Before my funeral home days in Starkville, Mississippi, when I was five or six, my eighty-four-year old grandfather died, and I remember how empty I felt and how sad it made me. I took little consolation in people telling me he was in heaven. I only knew he was never coming back and that I’d never sit in his lap and use his pocket knife to carefully cut cubes of tobacco for him to chew. I’d never hear him tell me stories about his life as a cattleman, about gunfights in downtown Hazzlehurst, about driving cattle in storms, of lean times, of being gored by a bull and thrown by horses into bad places. Although I took no consolation in the idea of Papa in heaven, I did in the fact that he died of a stroke while cheering the Friday Night Fights on TV in the nursing home. I am so glad that I knew him for the years I did, and how he called my mama, “baby” and I thought she was truly old.

As I’ve grown older I’ve seen a lot of people I knew and loved die, and it’s never easy. Never. But it has given me feelings to run my fingers over and to put into my words.

Sasha told me she liked graveyards with rocks in them, not just lots of vases with flowers in them. I agree, those graveyards with flat plaques are pastoral but bleak, and if I intended to end up in one, I’d want to be in an interesting one where people come and walk around and read inscriptions, and maybe even sat lean against a tombstone to read a book on a warm summer day.

After we passed by that bleak country graveyard, I also told her that although I seemed old to her, I was going to live a long, long time and that I planned to be there when she was older and maybe I’d even drool into my lap at her wedding. And I told her I’d be there to hold her babies just like I held her when she was one. I don’t know if I’ll be true to my word, but I plan to try.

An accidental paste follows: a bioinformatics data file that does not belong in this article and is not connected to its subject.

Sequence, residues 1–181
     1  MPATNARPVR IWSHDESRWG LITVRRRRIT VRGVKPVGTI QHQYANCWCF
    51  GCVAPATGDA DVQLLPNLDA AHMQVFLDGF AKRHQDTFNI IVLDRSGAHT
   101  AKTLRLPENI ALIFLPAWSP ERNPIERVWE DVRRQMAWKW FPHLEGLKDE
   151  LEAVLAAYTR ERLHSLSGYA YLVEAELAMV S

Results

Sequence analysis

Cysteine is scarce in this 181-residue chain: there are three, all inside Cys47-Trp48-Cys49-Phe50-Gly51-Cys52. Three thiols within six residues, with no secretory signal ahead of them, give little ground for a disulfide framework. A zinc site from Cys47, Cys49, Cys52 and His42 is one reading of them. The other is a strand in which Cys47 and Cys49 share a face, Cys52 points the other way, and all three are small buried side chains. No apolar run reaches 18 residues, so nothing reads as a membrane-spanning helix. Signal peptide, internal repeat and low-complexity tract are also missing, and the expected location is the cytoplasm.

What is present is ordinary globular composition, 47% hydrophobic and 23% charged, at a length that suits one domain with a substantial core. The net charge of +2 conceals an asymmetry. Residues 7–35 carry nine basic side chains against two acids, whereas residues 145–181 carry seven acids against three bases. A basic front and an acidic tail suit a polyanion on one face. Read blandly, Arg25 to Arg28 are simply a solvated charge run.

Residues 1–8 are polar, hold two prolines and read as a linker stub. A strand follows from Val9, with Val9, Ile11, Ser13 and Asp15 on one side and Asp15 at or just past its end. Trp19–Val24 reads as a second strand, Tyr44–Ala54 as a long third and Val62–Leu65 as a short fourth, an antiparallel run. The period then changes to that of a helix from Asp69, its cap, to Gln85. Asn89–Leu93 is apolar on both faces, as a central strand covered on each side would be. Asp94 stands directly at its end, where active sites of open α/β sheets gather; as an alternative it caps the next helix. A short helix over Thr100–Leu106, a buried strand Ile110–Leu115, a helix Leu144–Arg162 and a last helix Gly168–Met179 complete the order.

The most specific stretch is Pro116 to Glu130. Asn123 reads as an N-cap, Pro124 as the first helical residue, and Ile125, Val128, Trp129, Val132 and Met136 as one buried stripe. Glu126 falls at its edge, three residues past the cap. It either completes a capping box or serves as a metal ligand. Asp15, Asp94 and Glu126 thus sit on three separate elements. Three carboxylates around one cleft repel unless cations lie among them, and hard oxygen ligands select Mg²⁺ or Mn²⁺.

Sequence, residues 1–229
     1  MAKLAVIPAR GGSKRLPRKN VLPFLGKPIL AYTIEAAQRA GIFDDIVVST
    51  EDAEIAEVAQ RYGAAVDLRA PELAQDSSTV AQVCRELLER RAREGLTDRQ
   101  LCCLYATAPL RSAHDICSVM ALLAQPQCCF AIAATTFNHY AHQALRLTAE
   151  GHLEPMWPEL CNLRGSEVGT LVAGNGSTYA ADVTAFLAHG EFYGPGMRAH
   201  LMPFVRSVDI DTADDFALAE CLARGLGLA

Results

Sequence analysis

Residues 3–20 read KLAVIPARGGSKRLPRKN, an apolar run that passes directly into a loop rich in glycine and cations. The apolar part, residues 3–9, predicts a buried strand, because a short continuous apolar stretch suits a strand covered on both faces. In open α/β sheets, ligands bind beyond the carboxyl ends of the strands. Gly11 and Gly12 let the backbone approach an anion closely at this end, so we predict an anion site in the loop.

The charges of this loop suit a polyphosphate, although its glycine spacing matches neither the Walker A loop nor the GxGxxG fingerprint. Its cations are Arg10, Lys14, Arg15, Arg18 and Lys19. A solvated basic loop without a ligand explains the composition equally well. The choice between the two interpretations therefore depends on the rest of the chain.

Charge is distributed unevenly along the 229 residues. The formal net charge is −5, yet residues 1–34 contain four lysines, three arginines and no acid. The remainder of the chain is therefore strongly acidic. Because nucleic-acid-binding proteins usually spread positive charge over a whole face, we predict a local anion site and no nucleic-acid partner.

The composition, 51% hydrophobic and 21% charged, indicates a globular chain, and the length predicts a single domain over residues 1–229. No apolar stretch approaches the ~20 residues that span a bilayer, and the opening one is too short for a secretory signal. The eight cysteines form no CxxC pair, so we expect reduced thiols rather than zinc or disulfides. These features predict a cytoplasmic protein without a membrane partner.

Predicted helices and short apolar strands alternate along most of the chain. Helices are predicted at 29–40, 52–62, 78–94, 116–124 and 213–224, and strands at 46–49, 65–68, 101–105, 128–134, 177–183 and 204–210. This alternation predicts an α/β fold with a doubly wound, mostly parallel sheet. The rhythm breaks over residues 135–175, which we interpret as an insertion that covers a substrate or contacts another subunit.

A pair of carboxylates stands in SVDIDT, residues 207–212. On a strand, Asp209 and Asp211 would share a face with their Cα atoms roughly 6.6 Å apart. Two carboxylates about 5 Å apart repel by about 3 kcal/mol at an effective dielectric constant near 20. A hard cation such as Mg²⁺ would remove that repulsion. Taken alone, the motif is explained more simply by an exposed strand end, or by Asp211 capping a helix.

8 comments:

  1. Try hard, John. It's important to me that you do that.

    Gilstrap

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  2. John, Thanks for a tender and thought-provoking post. I'm a lot closer to the end of my allotment of years than you, but this weekend we have a nine-month old granddaughter with us, and I intend to make every effort to be around to watch her and all the other grandchildren grow up.

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  3. Not fair--you made me cry!! It really brought make a lot of memories of my grandma and step-grandpa (on mom's side). I'm a scrapbooker and amateur genealogist, so those memories get put to good use!

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  4. Very thought-provoking words, John. Thanks for sharing. We live in a small town where everyone knows everyone. My eight-year-old daughter has met and befriended a number of elderly folk, some who've since passed on. She seems to take it in stride, telling me she'll see them in heaven someday. Like they'll just pick up where they left off. I like that thought.

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  5. Good stuff. Death is our final destination in this life, and after that? Whatever you believe about the end what you do on this side of the river is what counts. Live like today is your last day, love as if you will never seen them again. Because we never know when we'll end up in the box.

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  6. All we have for sure is the past and the present. The future is a gift.